A quarter-century ago, Boston had the dirtiest harbor in America. Read more...
A quarter-century ago, Boston had the dirtiest harbor in America. The city had been dumping sewage into it for generations, coating the seafloor with a layer of black mayonnaise. Fisheries collapsed, wildlife fled, and locals referred to floating tampon applicators as beach whistles.
In the 1990s, work began on a state-of-the-art treatment plant and a 10-mile-long tunnel its endpoint stretching farther from civilization than the earth s deepest ocean trench to carry waste out of the harbor. With this impressive feat of engineering, Boston was poised to show the country how to rebound from environmental ruin. But when bad decisions and clashing corporations endangered the project, a team of commercial divers was sent on a perilous mission to rescue the stymied cleanup effort.Five divers went in; not all of them came out alive.
Drawing on hundreds of interviews and thousands of documents collected over five years of reporting, award-winning writer Neil Swidey takes us deep into the lives of the divers, engineers, politicians, lawyers, and investigators involved in the tragedy and its aftermath, creating a taut, action-packed narrative. The climax comes just after the hard-partying DJ Gillis and his friend Billy Juse trade assignments as they head into the tunnel, sentencing one of them to death.
An intimate portrait of the wreckage left in the wake of lives lost, the book which Dennis Lehane calls "extraordinary" and compares with The Perfect Storm is also a morality tale. What is the true cost of these large-scale construction projects, as designers and builders, emboldened by new technology and pressured to address a growing population s rapacious needs, push the limits of the possible? This is a story about human risk how it is calculated, discounted, and transferred and the institutional failures that can lead to catastrophe.
Suspenseful yet humane, Trapped Under the Sea reminds us that behind every bridge, tower, and tunnel behind the infrastructure that makes modern life possible lies unsung bravery and extraordinary sacrifice."
Publishers Weekly® Reviews
- Reviewed in: Publishers Weekly, page .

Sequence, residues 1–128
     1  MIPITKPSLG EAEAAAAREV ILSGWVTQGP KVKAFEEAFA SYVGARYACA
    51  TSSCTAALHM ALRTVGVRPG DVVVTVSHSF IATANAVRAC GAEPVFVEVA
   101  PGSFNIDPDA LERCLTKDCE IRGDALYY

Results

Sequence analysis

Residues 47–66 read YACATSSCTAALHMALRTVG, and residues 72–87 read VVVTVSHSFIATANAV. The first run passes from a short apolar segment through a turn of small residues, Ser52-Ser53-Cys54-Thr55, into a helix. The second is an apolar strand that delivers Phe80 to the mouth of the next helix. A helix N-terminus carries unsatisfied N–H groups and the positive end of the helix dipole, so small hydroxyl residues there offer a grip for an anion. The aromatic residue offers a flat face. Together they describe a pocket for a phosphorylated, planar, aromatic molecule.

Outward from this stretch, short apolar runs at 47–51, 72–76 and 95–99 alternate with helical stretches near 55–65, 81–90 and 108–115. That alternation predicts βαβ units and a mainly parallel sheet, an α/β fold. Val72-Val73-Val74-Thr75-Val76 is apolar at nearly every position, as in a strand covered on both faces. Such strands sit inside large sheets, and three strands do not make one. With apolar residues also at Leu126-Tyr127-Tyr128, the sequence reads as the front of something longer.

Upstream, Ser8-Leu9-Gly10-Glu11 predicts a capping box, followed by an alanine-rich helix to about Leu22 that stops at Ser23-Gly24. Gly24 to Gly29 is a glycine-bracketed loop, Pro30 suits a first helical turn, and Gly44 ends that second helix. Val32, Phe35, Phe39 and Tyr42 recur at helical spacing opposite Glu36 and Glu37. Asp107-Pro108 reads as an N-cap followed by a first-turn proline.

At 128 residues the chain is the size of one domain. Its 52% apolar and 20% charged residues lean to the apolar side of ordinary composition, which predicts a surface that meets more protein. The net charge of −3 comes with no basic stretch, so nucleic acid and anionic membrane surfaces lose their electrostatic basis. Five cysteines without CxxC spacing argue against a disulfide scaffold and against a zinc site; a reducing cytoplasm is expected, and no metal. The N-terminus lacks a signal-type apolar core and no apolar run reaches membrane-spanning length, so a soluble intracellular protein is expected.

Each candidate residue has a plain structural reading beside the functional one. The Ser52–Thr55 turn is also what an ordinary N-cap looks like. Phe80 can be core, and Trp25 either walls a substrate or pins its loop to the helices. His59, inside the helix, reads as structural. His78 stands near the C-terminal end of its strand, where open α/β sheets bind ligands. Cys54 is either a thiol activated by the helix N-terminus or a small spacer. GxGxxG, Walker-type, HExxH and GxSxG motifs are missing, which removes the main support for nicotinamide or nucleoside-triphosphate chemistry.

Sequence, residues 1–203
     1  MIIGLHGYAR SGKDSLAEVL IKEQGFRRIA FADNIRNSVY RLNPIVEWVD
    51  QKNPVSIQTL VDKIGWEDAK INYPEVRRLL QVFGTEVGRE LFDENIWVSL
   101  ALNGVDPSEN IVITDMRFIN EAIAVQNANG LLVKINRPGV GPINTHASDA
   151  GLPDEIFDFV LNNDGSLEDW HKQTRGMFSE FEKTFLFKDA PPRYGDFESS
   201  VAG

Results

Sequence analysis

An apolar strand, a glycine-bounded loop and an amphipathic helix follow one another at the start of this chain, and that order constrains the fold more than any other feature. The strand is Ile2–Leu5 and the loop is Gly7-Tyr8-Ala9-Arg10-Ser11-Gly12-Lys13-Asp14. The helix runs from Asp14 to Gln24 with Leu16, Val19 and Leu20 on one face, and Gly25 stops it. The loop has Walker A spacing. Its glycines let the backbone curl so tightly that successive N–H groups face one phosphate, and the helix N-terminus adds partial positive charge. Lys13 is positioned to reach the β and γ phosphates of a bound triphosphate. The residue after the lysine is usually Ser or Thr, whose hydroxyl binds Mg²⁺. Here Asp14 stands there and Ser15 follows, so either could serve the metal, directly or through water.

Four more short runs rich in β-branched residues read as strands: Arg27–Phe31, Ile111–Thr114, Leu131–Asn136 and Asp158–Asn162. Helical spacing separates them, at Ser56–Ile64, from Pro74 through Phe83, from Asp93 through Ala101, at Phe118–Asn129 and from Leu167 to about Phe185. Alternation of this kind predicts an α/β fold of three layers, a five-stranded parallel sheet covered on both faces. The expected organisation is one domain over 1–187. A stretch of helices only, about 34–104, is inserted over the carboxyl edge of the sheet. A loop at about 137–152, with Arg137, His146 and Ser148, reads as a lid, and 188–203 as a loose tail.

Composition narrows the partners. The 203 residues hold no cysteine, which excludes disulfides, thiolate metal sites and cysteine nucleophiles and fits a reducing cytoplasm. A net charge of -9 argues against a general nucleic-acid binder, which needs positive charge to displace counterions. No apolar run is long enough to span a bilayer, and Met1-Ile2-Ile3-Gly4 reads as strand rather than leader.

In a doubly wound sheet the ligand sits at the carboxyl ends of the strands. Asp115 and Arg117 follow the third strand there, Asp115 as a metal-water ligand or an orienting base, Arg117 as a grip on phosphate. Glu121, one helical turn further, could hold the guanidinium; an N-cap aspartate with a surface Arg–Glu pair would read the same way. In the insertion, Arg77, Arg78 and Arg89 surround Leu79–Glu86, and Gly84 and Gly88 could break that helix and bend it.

- Review Date: 2013-11-04
- Reviewer: Staff
Since the opening of Boston’s immense Deer Island Sewage Treatment Plant in September 2000, the “giant, stinking cesspool” of Boston Harbor has cleared significantly in what has been widely hailed as an environmental engineering triumph. This gripping history focuses on construction of its business end: the world’s longest dead-end tunnel, which travels 9.5 miles though bedrock, ending in 55 vertical pipes that diffuse effluent far out to sea. In hindsight, disaster was inevitable, since the project’s contract stated that these pipes’ 55 safety plugs could be extracted only when the tunnel was complete—meaning all drainage, ventilation, transportation, and electrical systems were removed. Commercial divers tackled the job. Years of research and interviews by Boston journalist Swidey (The Assist: Hoops, Hope, and the Game of their Lives) has produced a fascinating account of these skilled blue-collar men and their mission, aborted when a malfunctioning oxygen supply killed two of them. While others later completed the job, Swidey describes the years of bitterness and litigation that followed. This virtuoso performance combines insights into massive engineering projects, corporate litigation, environmental science, and cutthroat free-market behavior with vivid personal stories. Agent: Sarah Chalfant, Wylie Agency. (Feb.)
A Boston Harbor diving mission gone wrong
On July 21, 1999, a crane lowered experienced construction diver DJ Gillis and four other men down a 420-foot shaft to the opening of an almost 10-mile tunnel beneath Deer Island in Boston Harbor. At the end of the day, only three men would return alive.
In a compelling tale of corporate and public mismanagement, Boston Globe Magazine writer Neil Swidey tells the gripping stories of courage, deceit and devastating loss that emerged from the Deer Island debacle in Trapped Under the Sea.
After Boston Harbor was rated one of the most polluted in the nation, public officials launched a $300 million project in the early 1990s to pipe wastewater through a tunnel to the ocean. In spite of significant early progress, work on the tunnel eventually bogged down. By the time Gillis and his co-workers were hired to unplug a series of smaller pipes, the companies that built the tunnel had all but abandoned it, raising many questions. “How could this idea of sending divers to a place as remote as the moon, asking them to entrust their lives to an improvised, untested breathing system, have ever made sense to sensible people?” Swidey asks. “The answer,” he points out, “lies in the dangerous cocktail of time, money, stubbornness, and frustration near the end of the over-budget, long delayed job.”
Drawing on hundreds of interviews and thousands of documents, Swidey pulls us into the lives of the divers and the aftermath of the perfect storm of forces that led to the deaths of two of them. He chronicles the psychological trauma into which the three surviving divers spiral, emphasizing that no matter how the tunnel project was successfully completed, “no one came out of this feeling like a winner.”
In this compelling page-turner, Swidey grabs us as soon as we enter that narrow elevator shaft and never lets up as we accompany the men on their sad and frightening journey.